Jeff: Both shoes run true-to-size 10.5. One of my favorite trail shoes, the Evo Mafate 2 improved the upper from the EM1 giving it a much improved toe box and more comfortable upper - but the toe box and upper are seriously lacking compared to the Olympus. The Olympus is several ounces heavier, but out on the trail they feel very similar. Ultimately, both are great shoes. If you have wider feet, take the Olympus. If you need lots of traction, take the Evo Mafate 2.

Hoka One One Challenger ATR 5 (RTR Review)
Jeff: Both shoes run true-to-size 10.5, but Challenger is a 2E. My shoe of the year for last year, the Challenger is a decently cushioned Hoka with a normal sized toe box and that’s a great thing. But, compared to the Olympus, it feels spartan in nature. It doesn’t have nearly the cushioning or traction of the Olympus, and it isn’t nearly as fun to run in. The Challenger is a better road/trail hybrid, but the Olympus is a much better shoe.

Nike Zoom Wildhorse 5 (RTR Review)
Jeff: Both shoes run true-to-size 10.5. Another superb trail cruiser, the Wildhorse 5 has a slightly lower stack and full-fledged rock plate to protect the foot as opposed to the Olympus design with lots of midsole foam. Ultimately the Wildhorse feels a little more planted, while the Olympus is more comfortable and more lively to run in. While the Wildhorse isn’t my first choice for technical trails, it fares much better in hairy conditions than the Olympus. Outside of that, I’d go Olympus across the boards, slightly better fit, and much more fun to run.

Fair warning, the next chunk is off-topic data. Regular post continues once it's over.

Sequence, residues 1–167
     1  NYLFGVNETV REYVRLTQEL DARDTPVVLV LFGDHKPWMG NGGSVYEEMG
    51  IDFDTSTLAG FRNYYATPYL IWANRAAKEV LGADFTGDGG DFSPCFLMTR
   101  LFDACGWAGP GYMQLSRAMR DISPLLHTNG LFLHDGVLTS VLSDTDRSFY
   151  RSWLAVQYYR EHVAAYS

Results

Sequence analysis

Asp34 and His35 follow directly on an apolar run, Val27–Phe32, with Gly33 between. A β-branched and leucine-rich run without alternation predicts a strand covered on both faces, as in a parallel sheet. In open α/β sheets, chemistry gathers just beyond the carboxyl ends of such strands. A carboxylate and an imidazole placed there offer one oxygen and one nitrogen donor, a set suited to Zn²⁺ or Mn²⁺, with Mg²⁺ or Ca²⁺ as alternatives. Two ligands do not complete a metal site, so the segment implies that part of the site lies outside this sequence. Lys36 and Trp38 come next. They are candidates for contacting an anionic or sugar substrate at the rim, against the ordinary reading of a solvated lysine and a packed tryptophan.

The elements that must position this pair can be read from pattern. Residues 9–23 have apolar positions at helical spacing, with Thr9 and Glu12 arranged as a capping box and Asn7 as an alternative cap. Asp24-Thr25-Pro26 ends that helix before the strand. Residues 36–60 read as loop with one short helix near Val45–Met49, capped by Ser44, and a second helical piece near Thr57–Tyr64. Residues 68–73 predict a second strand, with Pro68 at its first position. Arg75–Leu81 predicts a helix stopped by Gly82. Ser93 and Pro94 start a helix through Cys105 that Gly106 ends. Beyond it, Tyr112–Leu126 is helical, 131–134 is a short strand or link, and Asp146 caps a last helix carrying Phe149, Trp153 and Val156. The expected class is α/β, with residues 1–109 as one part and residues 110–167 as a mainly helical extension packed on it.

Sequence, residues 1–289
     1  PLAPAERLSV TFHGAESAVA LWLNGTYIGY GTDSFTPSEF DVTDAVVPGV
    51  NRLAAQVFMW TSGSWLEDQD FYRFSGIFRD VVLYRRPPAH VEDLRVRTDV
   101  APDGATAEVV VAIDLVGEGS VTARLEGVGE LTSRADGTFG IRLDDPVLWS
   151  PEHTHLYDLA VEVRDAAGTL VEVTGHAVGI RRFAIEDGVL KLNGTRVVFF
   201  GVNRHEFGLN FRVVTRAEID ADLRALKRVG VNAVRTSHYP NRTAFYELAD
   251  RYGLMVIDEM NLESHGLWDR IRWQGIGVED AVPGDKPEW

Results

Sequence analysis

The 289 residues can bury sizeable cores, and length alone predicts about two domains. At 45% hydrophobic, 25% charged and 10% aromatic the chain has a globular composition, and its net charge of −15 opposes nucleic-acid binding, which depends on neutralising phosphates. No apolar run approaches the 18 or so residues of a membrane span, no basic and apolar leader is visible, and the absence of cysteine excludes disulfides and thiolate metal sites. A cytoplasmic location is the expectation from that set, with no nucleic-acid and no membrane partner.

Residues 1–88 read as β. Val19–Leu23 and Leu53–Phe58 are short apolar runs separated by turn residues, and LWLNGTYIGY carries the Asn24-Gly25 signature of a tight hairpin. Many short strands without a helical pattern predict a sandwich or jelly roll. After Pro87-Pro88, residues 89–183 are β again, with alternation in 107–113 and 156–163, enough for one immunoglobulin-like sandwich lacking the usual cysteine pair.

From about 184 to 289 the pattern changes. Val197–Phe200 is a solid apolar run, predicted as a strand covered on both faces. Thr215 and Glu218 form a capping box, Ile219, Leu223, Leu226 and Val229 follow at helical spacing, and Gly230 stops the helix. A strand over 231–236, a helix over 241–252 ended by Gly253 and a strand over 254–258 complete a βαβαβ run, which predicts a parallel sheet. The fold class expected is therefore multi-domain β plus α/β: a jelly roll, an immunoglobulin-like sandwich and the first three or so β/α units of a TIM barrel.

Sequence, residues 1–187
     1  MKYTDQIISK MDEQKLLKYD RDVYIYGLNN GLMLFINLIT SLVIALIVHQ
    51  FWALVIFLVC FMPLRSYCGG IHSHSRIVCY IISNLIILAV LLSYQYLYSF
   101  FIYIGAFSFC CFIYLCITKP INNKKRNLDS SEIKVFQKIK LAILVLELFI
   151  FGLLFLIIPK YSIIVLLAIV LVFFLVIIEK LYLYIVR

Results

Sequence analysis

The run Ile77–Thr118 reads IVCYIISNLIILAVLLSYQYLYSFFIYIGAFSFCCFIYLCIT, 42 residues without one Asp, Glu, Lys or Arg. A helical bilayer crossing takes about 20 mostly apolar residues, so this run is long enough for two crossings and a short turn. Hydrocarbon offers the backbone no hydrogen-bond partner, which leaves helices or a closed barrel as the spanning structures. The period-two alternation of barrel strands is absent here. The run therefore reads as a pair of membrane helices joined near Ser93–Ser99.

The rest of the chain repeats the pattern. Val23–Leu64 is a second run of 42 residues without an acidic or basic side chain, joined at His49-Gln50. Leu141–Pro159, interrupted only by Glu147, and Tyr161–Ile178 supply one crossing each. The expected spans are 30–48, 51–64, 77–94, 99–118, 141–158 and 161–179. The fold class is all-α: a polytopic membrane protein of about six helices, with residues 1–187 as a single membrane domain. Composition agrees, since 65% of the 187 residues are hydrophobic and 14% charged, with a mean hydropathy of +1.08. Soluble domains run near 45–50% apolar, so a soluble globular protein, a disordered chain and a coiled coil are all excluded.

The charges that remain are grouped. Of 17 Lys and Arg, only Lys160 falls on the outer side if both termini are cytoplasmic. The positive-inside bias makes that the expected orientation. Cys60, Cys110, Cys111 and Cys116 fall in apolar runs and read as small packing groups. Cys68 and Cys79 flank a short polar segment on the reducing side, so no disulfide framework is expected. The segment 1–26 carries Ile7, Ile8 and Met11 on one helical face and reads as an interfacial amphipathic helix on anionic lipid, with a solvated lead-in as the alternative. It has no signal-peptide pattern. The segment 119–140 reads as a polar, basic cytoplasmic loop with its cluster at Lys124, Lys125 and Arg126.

Topo Athletic UltraVenture (RTR Review)
Jeff: Both shoes run true-to-size 10.5. The two brands that focus on big toe boxes and low/zero stacks, the UltraVenture is Topo’s most cushioned shoe opposite the Olympus. Fit is outstanding on both shoes giving lots of room up front and solid lockdown everywhere else. The Olympus has much more cushioning and as a result mutes any rock feel, while the UltraVenture isn’t as protective. However, the UltraVenture’s outsole is much more substantial in both grip and coverage. Both shoes are great, but I prefer the Olympus and it’s more protective and bouncy ride.

Don: I haven’t really run much in maximal shoes to make direct comparisons, but I’ll make a blanket statement - the Olympus 3.5 is the best “BIG” trail running shoe I’ve ever worn. 

Read reviewers' full run bios here
The product reviewed was provided at no cost. The opinions herein are the authors'.
Comments and Questions Welcome Below!
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Dutch said...

Hello Jeff-ive been eyeing this Olympus for a while the use would be longer 25+efforts in preps for first 50mile. For the actual race though I was thinking of Challenger 5. Would this be best in a wide? For reference my current lineup: Caldera 3(too narrow) Revel 3(underrated & stretches) 1400v6(D width good for HM)Fuel cell rebel D width-very good width-thought it ran short but after 10miles was good)
*Also did you try the Challenger's in a D width?

jean jacques said...

the size of my hoka mafate speed 2 is 10 , what size to take for the altra olympuys 3.5 ? thanks .